Factor Four

Posted: 7 November 2000

Author: Ernst von Weizsacker, Amory B. Lovins and L. Hunter Lovins
Earthscan, London, 1997, £15.99

Factor Four is one of the very best and most important reports the Club of Rome has ever put out. It deals with the central challenge we face over the next half century: how to accommodate population growth and economic growth, while at the same time not just stabilizing the burden of consumption and waste currently threatening the planet, but reducing it below its present unsustainable level.

book coverThe maths of this challenge are daunting. By 2050, if economic growth continues at its recent rate, and population growth reaches the UN medium projection of 9.4 billion, we would need to cut our resource use for each unit of consumption by two thirds. In other words, we would need to increase resource productivity by a factor of three. To reduce environmental burdens to sustainable levels, we would need at least a factor four increase in resource productivity - hence the book's title.

In the long run we will need a lot more than factor four. If population stabilizes at below ten billion, and all the world reaches per capita incomes equal to today's high-income countries, we will need a Factor Ten revolution, as the Factor Ten club founded by Friedrich Schmidt Bleek recommends.

But Factor Four should be our immediate goal, and the beauty of this book is that it shows how feasible that might be on the basis of models that are working right now. Fifty documented examples show dramatic improvements in resource efficiency in energy, materials use and transport - superwindows that let light through but not heat; passive solar buildings in the Rockies that grow bananas in winter with no conventional energy input; refrigerators that use one tenth of the normal energy; systems to quadruple the number of trains that can use the same track, and so on.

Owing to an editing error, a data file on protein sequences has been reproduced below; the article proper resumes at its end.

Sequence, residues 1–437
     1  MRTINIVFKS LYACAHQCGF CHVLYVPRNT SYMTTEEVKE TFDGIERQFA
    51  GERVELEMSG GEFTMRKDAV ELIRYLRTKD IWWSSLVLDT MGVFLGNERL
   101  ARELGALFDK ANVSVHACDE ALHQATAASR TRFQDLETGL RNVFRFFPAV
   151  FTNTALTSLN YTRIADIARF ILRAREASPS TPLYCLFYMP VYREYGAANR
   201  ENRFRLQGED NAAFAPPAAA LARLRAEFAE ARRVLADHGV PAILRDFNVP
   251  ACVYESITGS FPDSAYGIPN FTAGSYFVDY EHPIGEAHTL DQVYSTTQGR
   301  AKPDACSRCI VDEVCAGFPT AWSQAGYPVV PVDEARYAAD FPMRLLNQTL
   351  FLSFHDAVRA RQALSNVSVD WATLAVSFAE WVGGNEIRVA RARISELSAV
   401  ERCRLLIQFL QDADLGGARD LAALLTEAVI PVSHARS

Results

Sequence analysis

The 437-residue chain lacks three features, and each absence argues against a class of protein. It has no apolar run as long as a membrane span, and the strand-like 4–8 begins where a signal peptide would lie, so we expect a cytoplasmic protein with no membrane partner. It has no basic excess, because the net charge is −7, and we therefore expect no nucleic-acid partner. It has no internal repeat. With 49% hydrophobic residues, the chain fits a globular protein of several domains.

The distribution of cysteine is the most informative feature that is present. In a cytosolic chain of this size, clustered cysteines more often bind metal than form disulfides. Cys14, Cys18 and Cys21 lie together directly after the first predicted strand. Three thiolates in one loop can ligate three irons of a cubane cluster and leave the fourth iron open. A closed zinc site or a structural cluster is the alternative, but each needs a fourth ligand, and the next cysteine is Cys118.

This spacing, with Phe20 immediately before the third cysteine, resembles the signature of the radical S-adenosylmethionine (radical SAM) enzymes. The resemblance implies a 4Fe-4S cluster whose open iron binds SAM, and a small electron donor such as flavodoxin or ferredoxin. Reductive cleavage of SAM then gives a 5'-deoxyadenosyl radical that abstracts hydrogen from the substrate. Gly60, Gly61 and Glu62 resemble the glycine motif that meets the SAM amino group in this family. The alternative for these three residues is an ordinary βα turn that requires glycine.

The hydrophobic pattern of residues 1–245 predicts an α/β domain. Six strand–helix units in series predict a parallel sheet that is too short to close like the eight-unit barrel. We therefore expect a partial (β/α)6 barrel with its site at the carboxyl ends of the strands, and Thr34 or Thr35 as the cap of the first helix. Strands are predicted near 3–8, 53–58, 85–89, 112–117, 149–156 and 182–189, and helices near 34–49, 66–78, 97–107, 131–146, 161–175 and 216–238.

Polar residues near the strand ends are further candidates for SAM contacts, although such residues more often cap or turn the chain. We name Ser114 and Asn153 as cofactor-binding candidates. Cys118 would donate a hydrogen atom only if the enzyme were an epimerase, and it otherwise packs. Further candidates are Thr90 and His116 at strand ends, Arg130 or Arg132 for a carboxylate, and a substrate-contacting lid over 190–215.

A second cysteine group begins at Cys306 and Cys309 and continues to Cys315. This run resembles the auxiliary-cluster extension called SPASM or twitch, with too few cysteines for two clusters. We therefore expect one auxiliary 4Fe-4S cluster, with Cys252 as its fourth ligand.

Factor Four is not simplistic. It fully recognises the obstacles that have held back the revolution in resource efficiency. Economists have fixed ideas - against the evidence - that saving energy and reducing pollution will always involve net costs. Discriminatory regulations often penalize resource saving over resource wasting. Architects are paid more, the more their building costs. Utility companies earn more, the more energy consumers waste.

So it is incisive in its recommendations. Incentives should be reversed: architects, utility companies and so on should be paid more the more they reduce costs and resource use. The regulatory playing field should be levelled between green approaches and old-style wasteful ways of doing things. Tax systems should be changed to penalize bads, not goods.

Another of the book's virtues is that it shows how the new technologies and approaches can save money, make money, and offer profit opportunities for business folk ready to exploit them. It offers win-win solutions that make life better for people and the planet at the same time.

Factor Four is well-documented, punchy and clearly written, often brilliantly incisive, full of information and original proposals. It is a must for the desks of all policy-makers, businessmen, architects, planners and government ministers throughout the world.

Reviewer: Paul Harrison

Reviewer Info: Paul Harrison is author of Inside The Third World and The Third Revolution, both Penguin, and a Contributing Editor of People & the Planet.